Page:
Again, the kids exclaimed “this was the bestest day ever, Teacher!”
We did the shirts yesterday and today, before heading home, we tried it on!Read More
It’s been over a month since classes started and I realized I still have not posted what my classroom concept wall looks like. With no further ado, here it is!
The caterpillar is actually a recycled one from my Toddlers days but I love it so much I decided to keep it, even if my students don’t really need it. For the calendar, I decided to up the ante by having the kids master the concepts of yesterday, today and tomorrow.
My favorite feature, however, is the reading train. My co-teacher painted that over the summer There are a series of pockets which currently hold our various word lists. An alternative I was thinking of is tracking titles of books we read throughout the month. Fun idea, huh?
Join in and jump aboard the reading train!Read More
Today was a super fun day with the Seniors of Playschool! Thanks to a friend of mine who suggested making one of those cut-out standees, I was able to make learning about the body a more enjoyable and meaningful experience for my preschoolers.
Because my students are Seniors, and especially since most of them were from my class last school year as Juniors, we have progressed from naming the visible parts of our body to the internal parts.We also talked about what it does for the body. For example, we talked about what happens to food when it goes to the tummy and how our body gets rid of excess waste. As a follow up, we will be reading Taro Gami’s book “Everybody Poops”.
So today I tried my best to make a replica of a human body. Pardon me if the dimensions and locations are not 100% accurate, but I used one of the school books to guide me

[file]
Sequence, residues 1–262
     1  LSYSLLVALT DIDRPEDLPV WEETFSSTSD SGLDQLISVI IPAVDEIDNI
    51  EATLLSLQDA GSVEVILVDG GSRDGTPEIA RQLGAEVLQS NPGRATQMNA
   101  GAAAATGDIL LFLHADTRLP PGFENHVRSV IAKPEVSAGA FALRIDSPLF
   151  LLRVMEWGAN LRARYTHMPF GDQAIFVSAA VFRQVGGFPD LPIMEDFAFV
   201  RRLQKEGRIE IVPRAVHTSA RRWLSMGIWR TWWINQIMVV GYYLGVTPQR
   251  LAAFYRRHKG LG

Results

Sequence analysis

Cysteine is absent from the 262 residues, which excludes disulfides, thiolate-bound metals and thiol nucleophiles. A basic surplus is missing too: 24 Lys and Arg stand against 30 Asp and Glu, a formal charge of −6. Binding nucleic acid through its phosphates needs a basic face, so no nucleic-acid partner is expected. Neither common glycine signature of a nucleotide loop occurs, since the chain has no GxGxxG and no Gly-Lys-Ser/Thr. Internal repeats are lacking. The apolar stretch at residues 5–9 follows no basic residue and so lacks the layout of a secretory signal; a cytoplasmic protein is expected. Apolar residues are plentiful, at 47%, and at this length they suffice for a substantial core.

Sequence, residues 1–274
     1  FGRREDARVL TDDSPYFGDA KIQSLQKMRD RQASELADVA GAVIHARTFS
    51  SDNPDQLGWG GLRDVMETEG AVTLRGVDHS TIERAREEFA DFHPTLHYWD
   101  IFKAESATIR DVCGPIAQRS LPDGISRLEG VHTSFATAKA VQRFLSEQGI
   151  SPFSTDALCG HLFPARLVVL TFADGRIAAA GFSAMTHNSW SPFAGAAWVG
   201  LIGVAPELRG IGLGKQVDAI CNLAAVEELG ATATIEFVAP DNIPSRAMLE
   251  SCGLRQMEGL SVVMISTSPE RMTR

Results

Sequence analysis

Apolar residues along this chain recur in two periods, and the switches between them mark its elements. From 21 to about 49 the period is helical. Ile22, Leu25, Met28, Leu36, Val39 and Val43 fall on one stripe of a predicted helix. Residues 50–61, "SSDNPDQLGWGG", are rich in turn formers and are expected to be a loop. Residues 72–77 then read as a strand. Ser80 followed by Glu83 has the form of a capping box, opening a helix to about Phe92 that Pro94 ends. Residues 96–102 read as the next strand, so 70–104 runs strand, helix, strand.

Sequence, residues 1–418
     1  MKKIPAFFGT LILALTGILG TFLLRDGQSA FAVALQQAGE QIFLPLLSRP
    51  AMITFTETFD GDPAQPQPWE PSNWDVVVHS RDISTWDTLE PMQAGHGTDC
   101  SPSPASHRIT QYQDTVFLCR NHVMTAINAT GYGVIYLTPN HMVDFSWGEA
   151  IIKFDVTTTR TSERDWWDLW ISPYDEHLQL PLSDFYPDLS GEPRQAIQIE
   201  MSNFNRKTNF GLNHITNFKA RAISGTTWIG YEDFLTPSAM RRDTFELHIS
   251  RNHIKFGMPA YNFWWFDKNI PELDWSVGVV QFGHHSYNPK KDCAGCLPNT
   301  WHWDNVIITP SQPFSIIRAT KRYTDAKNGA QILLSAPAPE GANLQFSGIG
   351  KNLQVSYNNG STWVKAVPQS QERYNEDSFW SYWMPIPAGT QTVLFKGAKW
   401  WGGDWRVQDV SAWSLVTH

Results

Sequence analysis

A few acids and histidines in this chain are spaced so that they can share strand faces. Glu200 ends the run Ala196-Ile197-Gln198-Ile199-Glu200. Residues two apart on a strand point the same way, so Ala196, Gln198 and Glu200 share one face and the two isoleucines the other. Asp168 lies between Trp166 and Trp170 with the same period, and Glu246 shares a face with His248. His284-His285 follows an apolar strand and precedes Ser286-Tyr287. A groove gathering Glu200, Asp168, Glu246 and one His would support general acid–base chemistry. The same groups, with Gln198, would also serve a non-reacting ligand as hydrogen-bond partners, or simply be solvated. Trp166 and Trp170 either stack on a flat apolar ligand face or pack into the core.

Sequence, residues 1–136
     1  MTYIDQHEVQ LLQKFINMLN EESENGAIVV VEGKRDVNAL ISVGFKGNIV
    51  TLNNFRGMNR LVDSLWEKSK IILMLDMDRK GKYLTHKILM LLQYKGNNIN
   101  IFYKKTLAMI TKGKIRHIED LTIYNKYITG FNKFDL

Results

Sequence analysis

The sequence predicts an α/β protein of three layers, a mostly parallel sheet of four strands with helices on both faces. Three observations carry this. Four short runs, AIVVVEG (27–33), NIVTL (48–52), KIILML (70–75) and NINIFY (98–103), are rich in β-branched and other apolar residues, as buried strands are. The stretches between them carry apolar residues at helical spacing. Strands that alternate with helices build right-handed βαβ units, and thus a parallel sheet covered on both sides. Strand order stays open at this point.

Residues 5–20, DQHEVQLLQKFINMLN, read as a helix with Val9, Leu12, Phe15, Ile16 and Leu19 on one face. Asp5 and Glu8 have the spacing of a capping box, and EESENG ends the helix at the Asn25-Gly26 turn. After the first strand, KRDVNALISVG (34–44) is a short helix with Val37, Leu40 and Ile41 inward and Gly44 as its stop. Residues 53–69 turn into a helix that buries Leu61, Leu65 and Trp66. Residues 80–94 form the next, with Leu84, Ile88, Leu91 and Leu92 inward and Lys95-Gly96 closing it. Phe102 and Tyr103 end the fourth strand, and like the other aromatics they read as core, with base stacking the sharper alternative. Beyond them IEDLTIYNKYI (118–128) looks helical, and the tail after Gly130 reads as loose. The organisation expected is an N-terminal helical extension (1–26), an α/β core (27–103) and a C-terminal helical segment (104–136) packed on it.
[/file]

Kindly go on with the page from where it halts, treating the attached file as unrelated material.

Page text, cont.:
After creating the model, we took photos with our standee
During the summer, it is customary in the preschool I work in to do a general cleaning where we get rid of all the old junk and make room for the new stuff that will come in for the upcoming school year. However, every year we seem to find more and more bits and pieces of scraps that we teachers can’t seem to let go off because we transform them into learning materials. We have a shelf-full of all sorts of odds and ends, from toilet paper rolls to old party hats, scraps of cloths and buttons, as well as all kinds of things you wouldn’t really think of keeping! Even old office papers find a home in our school. See that tall stack of white papers just waiting to become artworks?
Although it may look like a mess, this is a source of endless fun, adventure and learning, not just for the kids but even myself as their teacher! Teacher-made materials are excellent learning tools because you can design it to cater particular themes or needs your students have. Plus it can come out more cost-effective, especially if you teach in the Philippines where educational toys are quite expensive.
Here are some fun things my students and I have done with scraps and household items we’ve used as learning supplements in class: